Another reason for economic inequality is the fraud in government schemes meant for the poor. The funds allocated for projects to bring the poor out of poverty are pocketed by the powerful rich. As a result, the intended beneficiaries, the poorest of the poor are cheated.
Social and Educational Inequalities
According to the UN document on Sustainable Development Goals (2015), limited access to education and other basic services, social discrimination and exclusion and lack of participation in decision-making are also some of the manifestations of poverty. These socio-economic inequalities continue pushing the poor to the bottom of the socio-economic pyramid. Analysing the unique nature of the inequalities in India, Nobel prize winner Dr. Amartya Sen and Jean Dreze in their book “An Uncertain Glory of India: India and its Contradictions” (2013), write that “India has a unique cocktail of lethal divisions and disparities’. Mutual reinforcement of multiple inequalities creates an extremely oppressive social system leading to disempowerment of those at the lowest rung … It can be seen that the same people, often enough, are poor in income and wealth, suffer from illiteracy and bad schooling, work hard for little remuneration, have little influence on the administration of the country, lack social and economic opportunities that would allow them to move forward, and are treated with brutal callousness by the class conscious police” (p. 242).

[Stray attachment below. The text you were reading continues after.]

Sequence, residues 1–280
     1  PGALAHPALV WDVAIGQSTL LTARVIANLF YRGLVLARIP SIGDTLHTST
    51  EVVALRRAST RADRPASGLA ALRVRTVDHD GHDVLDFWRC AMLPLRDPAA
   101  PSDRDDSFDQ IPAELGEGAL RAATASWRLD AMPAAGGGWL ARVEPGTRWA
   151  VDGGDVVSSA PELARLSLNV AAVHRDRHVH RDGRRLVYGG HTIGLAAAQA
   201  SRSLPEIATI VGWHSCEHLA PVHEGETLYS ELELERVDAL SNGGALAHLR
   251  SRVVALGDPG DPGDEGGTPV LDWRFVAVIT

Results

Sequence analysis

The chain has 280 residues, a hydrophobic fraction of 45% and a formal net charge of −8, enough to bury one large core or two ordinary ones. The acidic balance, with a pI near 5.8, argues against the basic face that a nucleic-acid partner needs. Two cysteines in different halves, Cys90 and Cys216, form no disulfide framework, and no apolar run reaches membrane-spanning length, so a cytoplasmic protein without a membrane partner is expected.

In India, the victims of multiple inequalities are the Adivasis, Dalits, daily wage workers, marginal farmers and a large number of Muslims. These people are economically poor and face much social discrimination. They have lower levels of literacy and education and lack basic amenities such as accessible hospitals and functioning schools.
A dominant finding of the Indian Exclusion Report (2016) by Centre for Equity Studies (CES) claims that the Dalits, Adivasis, Muslims, and persons with disabilities and age-related vulnerabilities are the most severely and consistently excluded from provisions of a number of public goods. With regard to provision of agricultural land as a public good, the rate of landlessness was highest among Dalits (57%), Muslims (52%) and women-headed households (56.8%). The quality of land owned by the Dalits was very poor. Fifty-eight percent of the land had no irrigation facility. Although majority of the tribals have land, forty percent of Adivasis were displaced due to large scale deforestation caused by “developmental activity”. Deforestation is progressively decreasing the productivity of the land and causing soil erosion and drying up of the water sources and water bodies.